Dear Unnamed Private School,
Please stop making me love you. Really, I'm kind of committed to public school. It's free, and I'm really hoping to say "I Do" to public when my son gets to first grade, so private, could you, like, stop looking so hot?
The temptation is almost too much. I walked into your open house hoping to hate you. Instead, I fell in love. It felt like you were inside my head when you talked about your math curriculum. You have language classes. Your students seemed like someone I'd want my son to grow up to be. And I never once worried about whether my child would be safe when he went to the bathroom there.
When PHiladelphia's Meredith Elementary got news about budget cuts, parents raised money to keep what they have. But what about schools that don't have those resources?
I love what these parents are doing but why should school funding vary so much? Have Lower Merion schools endured any cuts, for example?
My Inquirer colleague Kristen Graham tells the story here.
I bet a lot of you have had the same experience as David Hincher and his wife. Read about their school-search saga below, and if you would like to share your own, please e-mail me a brief version of your story at firstname.lastname@example.org. Thanks.
And now, West Philadelphia's David Hincher:
My wife and I stumbled into the debate over Philadelphia schools by accident. As recent transplants, we had fallen in love with Philadelphia’s rich history and neighborhoods friendly to pedestrians and cyclists. Even the industrial decay and patina charmed us. We decided to put down roots and stay.
"One day, deep in the forest, the animals were having a discussion. It was clear who was the fiercest, most dependable and most powerful – but who was cleverest? A contest was in order…"
That's the premise behind a new book, Rabbit's Riddle, by local authors Sierra Skidmore and C'Anne Anderson. You can meet them starting at 10 a.m. at the Free Libary of Philadelphia's "Book, Paper, Scissors" Artists' book fair.
One of the authors, Sierra Skidmore, has a child in class with my son. The authors are selling the book for $10 at the fair and say they plan to write four more books. This one is aimed at children ages 4 to 8.
Can school food be made better? Parents and educators will gather tomorrow, Tuesday, from 6 p.m. to 7:30 p.m. at Henry C. Lea Elementary, 4700 Locust Street, to discuss.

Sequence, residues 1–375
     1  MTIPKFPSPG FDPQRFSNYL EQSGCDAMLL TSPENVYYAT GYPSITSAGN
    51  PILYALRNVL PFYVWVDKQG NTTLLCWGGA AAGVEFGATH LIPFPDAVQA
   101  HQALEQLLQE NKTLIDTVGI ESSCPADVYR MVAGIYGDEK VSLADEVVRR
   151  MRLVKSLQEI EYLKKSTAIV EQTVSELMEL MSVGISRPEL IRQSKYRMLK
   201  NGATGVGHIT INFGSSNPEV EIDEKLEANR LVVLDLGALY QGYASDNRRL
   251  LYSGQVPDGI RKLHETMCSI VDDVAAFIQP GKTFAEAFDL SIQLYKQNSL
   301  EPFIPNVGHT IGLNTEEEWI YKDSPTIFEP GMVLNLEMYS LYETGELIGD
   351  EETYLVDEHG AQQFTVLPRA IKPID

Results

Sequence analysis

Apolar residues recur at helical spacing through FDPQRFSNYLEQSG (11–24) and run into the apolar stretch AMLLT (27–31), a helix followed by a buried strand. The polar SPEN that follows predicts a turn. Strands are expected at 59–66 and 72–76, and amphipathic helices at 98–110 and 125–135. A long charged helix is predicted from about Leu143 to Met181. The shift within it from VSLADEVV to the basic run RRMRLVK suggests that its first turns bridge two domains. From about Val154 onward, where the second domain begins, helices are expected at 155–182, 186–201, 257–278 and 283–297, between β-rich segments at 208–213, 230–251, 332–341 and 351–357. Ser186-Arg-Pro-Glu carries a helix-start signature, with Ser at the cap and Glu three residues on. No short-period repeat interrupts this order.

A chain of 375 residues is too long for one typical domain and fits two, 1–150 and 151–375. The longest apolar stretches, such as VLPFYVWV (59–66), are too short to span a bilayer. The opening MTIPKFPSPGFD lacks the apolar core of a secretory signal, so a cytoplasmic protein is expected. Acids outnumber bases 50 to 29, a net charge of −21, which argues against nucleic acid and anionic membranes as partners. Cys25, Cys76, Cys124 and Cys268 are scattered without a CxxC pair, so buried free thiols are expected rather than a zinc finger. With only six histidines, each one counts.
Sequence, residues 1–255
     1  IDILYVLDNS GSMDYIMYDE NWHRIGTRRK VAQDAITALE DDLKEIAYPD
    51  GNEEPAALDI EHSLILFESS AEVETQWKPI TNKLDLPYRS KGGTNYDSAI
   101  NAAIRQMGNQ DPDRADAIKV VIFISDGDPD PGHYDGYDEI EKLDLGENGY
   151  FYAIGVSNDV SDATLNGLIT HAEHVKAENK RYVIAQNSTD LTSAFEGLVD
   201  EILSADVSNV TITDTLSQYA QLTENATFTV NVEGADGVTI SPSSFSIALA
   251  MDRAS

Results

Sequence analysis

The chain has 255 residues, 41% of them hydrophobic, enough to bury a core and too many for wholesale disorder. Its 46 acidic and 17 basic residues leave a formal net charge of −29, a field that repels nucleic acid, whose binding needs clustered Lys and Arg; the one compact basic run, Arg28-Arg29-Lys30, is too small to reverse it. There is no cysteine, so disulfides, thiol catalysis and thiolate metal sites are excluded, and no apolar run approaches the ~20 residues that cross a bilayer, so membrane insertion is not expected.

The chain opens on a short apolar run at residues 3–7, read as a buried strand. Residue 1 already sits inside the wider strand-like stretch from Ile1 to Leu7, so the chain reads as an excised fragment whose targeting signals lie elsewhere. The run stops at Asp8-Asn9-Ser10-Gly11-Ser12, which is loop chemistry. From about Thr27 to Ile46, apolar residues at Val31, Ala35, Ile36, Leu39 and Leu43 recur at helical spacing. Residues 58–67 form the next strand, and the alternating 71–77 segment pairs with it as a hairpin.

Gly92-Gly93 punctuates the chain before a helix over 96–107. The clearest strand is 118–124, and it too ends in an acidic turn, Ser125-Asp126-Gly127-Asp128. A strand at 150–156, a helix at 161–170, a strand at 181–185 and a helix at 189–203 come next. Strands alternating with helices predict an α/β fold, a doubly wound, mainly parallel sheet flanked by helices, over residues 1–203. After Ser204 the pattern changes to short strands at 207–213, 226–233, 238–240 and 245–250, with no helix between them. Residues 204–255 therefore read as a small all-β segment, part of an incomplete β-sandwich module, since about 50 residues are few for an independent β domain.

Participants include officials from the School District of Philadelphia and Deb Bentzel , Fair Food Farm to Institution Program Manager, and Kathy Fisher, Philadelphia Citizens for Children and Youth Family Economic Security Associate.
At Philadelphia schools hot food, is shipped in from Brooklyn. Learn about that and more at tomorrow's event.
In Southwest Center City, neighbors are trying to make their local school a place everyone wants to send their children: http://bit.ly/sTWtnd
In many classrooms, white boards have pushed aside chalkboards, and most kids do research on the Internet instead of trekking to the library to look at the World Book Encyclopedia.
Here, West Philadelphia Schools activist Amara Rockar writes about Henry C. Lea Elementary, where students and teachers are trying to raise money for computers. About 90 percent of the children there, Rockar writes, are economically disadvantaged and don't have computers at home, either, putting them at risk of falling behind in real-world skills.
The technology vacuum at Lea, Rockar says, stands in contrast to "leafy Locust Walk with its sleek buildings filled with cutting-edge technologies" at nearby University of Pennsylvania.
Looking back on my own arts education, it's small wonder that stick figures are my trademark. Every year, it seems we did the same projects in my school. We made a fall tree by gluing tissue paper to construction paper to depict fall foliage. We traced our hands to make a turkey for Thanksgiving.
At home, my mother let us run wild with Shrinky-Dinks.
I hope my son will be able to draw at least as well as he can read and write, one reason I'm glad to see so many opportunities for art in the city, including the expansion of the Fairmount Arts Center to Queen Village. We've taken a few classes at the Fairmount location, an endearing and cozy space, so we were a little chartreuse with envy to hear that the center's new Queen Village spot has 3,000 square feet of space, four studios and ten sinks. Lots of room for kids to color their worlds.